The Journal of the Geological Society of Japan
Online ISSN : 1349-9963
Print ISSN : 0016-7630
ISSN-L : 0016-7630
Volume 60 , Issue 711
Showing 1-3 articles out of 3 articles from the selected issue
  • Haruhiko KIMURA
    1954 Volume 60 Issue 711 Pages 505-516
    Published: December 25, 1954
    Released: April 11, 2008
    JOURNALS FREE ACCESS
    Sediments having wavy surface are typified by sand ripples, sand waves, and sand bars (or sand dunes)., For the sake of convenience, such morphological characteristics are included into the name of "wavy sediments"., From experimental studies and field observations on the factors producing such features, the writer has obtained the following conclusions., (1) The production of wavy sediments is mainly determined by the mutual relation between current velocity and size distribution of sediment grains., (2) Conditions necessary for the construction of current ripple marks are given as follows; a bed is composed of sorted sand, the diameter of which is about 0., 08∼1., 3 mm., and a current velocity near the bottom is larger than the critical velocity required for traction of the bed grains and less than that for saltation of the same (see Parts 3 and 4 of this series of studies)., In this case, if the grain size is about 0., 12∼0., 3 mm., the ripples are especially liable to be produced., (3) When the bed is poorly sorted and the grains comprising it are coarser than those required for ripple marks and the current velocity sufficient for their transportation, sand waves are produced., In this case, if the size of the coarse grains corresponds to "second stable granularity" (see Parts 3 and 4), regressive sand waves (the so-called anti-dune phase)are produced., (4) Sand bar is a kind of layer composed of well sorted grains., Accordingly, sand ripples liable to be produced on the surface of a sand bar., (5) The grain size of 0., 2∼0., 3 mm., in diameter is most liable to be transported by traction., Therefore, it is probable that sand grains of such size are transported to considerable distances from the coast to form sand layers there., Under ordinary conditions sandy sediments which are produced by traction display wavy or lenticular) forms., Therefore, if sandy sediments exhibit a flat layered condition, it can be said that either the producing process of the wavy sediments has been interupted by forced fixation (for example, as by the covering of suspended materials), or the sediments have been dispersed during the progress of sorting.,
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  • Yoshifumi KARAKIDA
    1954 Volume 60 Issue 711 Pages 517-532
    Published: December 25, 1954
    Released: April 11, 2008
    JOURNALS FREE ACCESS
    In North Kyushu there are two groups of granitic rocks: the Older (Lower Triassic) and the Younger (Later Cretaceous)., The former consists of the Asakura and Itoshima Granodiorites together with other minor intrusions, and the latter of the Kurate, Masaki, Hirao, Kaho, Kobukuro, and Sawara Intrusions., Of the Younger granitic rocks, the third and the fourth are dealt with in this paper., Field investigation has revealed that the Hirao Granodiorite (GD) is older than the Kaho Granite (Gr)., The microscopic characters of these rocks and the xenolithic inclusions of GD in Gr have been described in detail., Besides the usual petrographic work, a special study of the accessory zircons has been done with the results as follows: (1) The various characters of the accessory zircons (Table 2), especially color and the features of crystal habit (Fig., 7), are practically invariant throughout a respective granitic body., The zircon, therefore, has been used as a leading mineral for discerning the granitic bodies., (2) The different kinds of crystal habits of zircons in the granitic rocks investigated are classified into three fundamental types: Habit-S, -D, and -C (Fig., 8)., The percentage of these three types statistically characterizes each granite (Fig., 9)., Thus it is certain that any granite body can be represented by its own "habit-ratio " of zircons., (3) The "habit-ratio" of zircons for the hybridized xenolith of GD in Gr lies between those of the two granitic rocks (Fig., 9), and the xenolith is superior to its original GD in the amount of zircon (Table 3)., This fact, namely the mixing of two kinds of zircons in one rock, may well be interpreted as indicating an addition of zirconium from the granitic magma (Gr) to the xenolith during the hybridization, though the mechanism of crystallization of the zircon in the xenolith has not yet been clearly elucidated., (4) The same fact is observed within the GD-Gr contact zone, about 500 m., wide (the "zircon zone"; Fig., 1)., It is naturally suggested that the presence of the "zircon zone" should serve as a good criterion not only in detecting the existence of two kinds of granitic rocks but also in deciding the mixing of and the order of intrusion in the two, if no xenolith is found in the field., Since it is an easier and more exact practice to find out a "zircon zone" than to verify by the ordinary petrographic method the hybrid phenomenon on a wide scale, the means of investigation here presented may further extend our knowledge on the granite geology.,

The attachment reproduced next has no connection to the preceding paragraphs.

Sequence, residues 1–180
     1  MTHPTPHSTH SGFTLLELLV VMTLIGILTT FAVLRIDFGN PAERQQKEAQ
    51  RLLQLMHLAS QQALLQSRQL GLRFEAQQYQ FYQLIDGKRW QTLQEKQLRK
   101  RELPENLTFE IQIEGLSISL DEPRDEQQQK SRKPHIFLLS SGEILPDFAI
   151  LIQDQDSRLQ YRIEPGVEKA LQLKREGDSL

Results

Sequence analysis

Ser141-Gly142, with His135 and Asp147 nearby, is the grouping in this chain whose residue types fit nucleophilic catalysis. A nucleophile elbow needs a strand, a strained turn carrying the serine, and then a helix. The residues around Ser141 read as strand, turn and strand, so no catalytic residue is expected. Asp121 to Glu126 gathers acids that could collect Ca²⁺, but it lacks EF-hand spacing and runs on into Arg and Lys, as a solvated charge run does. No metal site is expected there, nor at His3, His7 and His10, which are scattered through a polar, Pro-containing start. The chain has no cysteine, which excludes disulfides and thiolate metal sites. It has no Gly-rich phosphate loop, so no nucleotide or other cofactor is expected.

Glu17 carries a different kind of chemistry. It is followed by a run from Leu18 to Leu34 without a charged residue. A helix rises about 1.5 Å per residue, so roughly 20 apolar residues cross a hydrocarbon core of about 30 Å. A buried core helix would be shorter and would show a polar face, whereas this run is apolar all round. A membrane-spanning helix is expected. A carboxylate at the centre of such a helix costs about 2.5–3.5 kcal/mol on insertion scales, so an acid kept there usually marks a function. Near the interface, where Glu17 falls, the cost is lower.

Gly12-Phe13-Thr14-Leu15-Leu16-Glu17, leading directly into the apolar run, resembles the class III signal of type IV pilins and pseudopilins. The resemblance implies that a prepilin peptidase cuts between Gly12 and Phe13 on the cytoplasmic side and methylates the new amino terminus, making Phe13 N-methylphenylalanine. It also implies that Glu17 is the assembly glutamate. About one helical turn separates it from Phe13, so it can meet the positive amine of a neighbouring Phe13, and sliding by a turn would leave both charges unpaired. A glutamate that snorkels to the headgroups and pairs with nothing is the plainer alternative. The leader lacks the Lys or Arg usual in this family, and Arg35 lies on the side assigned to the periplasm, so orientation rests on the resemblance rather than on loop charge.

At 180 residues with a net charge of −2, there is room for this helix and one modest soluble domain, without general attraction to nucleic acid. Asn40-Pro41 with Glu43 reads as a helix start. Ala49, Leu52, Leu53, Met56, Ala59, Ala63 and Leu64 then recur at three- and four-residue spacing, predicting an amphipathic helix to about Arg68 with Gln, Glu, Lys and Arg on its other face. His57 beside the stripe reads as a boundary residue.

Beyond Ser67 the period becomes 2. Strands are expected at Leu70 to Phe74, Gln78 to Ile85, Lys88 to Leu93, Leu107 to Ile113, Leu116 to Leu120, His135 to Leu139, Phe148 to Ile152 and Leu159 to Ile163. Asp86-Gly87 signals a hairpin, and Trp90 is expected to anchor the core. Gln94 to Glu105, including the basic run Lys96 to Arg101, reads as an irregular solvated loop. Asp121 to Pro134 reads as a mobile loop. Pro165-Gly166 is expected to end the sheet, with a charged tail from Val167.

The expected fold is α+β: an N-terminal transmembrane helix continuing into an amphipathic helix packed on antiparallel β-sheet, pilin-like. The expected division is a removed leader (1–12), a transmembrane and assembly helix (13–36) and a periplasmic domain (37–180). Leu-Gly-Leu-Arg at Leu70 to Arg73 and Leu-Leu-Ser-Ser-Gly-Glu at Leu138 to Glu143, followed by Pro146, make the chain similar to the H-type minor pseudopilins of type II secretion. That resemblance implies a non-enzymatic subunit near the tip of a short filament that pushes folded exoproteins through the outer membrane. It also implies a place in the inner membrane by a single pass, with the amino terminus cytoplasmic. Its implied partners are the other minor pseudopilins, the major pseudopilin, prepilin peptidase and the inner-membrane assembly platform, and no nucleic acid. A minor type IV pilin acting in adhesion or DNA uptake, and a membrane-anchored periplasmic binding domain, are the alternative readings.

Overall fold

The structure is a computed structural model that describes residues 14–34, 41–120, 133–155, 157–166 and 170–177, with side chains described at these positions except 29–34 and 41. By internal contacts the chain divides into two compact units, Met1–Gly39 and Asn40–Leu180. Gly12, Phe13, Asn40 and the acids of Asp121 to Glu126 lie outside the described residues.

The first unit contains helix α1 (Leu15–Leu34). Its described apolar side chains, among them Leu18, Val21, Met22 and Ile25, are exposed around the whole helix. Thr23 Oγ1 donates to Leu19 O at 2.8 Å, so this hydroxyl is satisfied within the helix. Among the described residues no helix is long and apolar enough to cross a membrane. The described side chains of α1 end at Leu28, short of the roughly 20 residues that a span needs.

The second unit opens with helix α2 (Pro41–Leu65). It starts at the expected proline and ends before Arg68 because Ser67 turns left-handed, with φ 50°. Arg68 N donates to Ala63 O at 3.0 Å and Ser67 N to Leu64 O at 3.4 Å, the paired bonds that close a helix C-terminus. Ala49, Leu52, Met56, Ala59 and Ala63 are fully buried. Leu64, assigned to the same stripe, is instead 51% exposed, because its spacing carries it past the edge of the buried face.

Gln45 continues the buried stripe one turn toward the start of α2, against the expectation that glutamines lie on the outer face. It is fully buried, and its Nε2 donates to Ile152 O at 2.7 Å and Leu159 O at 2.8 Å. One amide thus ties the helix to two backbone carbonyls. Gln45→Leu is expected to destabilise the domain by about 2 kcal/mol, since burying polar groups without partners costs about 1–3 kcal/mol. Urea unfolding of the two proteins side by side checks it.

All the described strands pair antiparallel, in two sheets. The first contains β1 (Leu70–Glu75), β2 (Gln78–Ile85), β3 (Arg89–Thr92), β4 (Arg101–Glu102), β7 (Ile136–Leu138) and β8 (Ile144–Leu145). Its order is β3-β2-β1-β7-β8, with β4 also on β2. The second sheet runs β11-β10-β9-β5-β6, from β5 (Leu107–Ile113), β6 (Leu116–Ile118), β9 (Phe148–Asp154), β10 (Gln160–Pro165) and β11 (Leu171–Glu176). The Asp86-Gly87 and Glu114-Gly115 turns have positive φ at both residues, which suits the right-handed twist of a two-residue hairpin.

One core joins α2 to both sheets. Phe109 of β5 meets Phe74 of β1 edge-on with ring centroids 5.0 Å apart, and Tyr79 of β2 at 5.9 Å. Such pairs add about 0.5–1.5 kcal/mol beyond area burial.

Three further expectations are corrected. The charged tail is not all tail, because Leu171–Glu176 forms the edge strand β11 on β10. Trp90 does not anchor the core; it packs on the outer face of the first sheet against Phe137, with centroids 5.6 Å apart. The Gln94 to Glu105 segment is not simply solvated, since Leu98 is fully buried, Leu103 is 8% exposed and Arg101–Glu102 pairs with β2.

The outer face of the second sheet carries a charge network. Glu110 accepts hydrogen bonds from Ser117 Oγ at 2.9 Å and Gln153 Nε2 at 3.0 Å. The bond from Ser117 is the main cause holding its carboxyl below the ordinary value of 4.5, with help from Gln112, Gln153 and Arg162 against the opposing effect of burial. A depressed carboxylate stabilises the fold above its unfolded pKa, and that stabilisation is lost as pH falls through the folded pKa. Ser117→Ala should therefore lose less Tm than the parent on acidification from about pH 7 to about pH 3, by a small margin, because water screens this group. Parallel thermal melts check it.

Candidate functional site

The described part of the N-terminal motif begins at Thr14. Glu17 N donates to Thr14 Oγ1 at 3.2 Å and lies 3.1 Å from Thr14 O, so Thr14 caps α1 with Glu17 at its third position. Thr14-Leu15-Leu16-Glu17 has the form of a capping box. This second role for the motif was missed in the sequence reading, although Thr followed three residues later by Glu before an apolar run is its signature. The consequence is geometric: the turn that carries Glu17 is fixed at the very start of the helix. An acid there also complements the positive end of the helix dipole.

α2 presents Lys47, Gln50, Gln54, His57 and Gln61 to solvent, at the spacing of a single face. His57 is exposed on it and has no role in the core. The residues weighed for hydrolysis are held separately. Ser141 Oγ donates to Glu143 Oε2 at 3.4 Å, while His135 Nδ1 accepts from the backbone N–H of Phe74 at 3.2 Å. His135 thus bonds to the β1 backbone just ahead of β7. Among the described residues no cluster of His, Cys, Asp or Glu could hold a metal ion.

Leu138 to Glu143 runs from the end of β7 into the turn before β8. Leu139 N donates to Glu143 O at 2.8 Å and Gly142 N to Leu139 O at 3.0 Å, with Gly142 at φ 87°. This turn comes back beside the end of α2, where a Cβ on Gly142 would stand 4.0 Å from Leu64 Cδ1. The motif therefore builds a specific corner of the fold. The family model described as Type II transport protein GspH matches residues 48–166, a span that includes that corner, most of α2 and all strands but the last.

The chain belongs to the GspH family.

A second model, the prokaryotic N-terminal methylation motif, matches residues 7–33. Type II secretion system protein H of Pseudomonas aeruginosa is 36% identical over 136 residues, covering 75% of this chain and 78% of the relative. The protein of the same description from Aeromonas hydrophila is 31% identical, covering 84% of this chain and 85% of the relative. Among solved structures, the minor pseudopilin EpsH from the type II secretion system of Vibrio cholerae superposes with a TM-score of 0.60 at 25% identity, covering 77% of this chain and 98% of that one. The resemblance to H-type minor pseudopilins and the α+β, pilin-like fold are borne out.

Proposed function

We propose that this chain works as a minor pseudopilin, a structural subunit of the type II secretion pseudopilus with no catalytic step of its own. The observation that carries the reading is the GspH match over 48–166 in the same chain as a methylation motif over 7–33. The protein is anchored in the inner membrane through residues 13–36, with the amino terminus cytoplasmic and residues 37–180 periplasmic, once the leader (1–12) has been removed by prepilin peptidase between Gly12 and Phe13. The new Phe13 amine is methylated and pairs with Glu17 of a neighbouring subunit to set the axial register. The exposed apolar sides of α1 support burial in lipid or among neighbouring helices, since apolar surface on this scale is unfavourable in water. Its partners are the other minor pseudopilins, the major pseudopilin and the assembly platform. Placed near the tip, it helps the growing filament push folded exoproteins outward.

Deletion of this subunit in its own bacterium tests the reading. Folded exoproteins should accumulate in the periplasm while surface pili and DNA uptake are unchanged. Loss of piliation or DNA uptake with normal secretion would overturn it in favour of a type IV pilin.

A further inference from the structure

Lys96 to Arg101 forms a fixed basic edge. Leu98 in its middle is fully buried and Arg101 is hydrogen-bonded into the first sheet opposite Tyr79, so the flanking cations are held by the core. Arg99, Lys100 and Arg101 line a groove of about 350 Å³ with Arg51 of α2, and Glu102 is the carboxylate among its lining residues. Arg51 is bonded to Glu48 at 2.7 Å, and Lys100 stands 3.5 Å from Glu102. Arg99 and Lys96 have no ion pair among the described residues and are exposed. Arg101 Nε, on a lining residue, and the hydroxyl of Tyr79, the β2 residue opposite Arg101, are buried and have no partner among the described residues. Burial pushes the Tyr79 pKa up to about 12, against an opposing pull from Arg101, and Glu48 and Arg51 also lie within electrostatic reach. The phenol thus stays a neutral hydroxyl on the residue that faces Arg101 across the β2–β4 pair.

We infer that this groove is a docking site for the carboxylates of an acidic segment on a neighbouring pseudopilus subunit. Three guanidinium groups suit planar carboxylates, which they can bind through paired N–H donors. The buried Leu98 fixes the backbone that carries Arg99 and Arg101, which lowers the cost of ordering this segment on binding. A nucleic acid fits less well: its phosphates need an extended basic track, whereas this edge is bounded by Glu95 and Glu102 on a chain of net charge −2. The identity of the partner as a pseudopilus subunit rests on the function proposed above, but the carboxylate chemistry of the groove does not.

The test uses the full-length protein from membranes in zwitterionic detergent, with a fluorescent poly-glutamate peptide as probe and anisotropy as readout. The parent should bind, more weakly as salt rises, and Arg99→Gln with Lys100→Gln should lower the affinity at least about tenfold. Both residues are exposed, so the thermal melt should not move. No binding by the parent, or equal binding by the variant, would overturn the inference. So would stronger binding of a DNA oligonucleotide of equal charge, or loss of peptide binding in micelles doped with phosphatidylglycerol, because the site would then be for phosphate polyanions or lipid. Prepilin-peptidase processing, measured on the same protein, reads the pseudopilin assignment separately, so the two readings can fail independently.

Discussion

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  • Yasuo SASA
    1954 Volume 60 Issue 711 Pages 533-534
    Published: December 25, 1954
    Released: April 11, 2008
    JOURNALS FREE ACCESS
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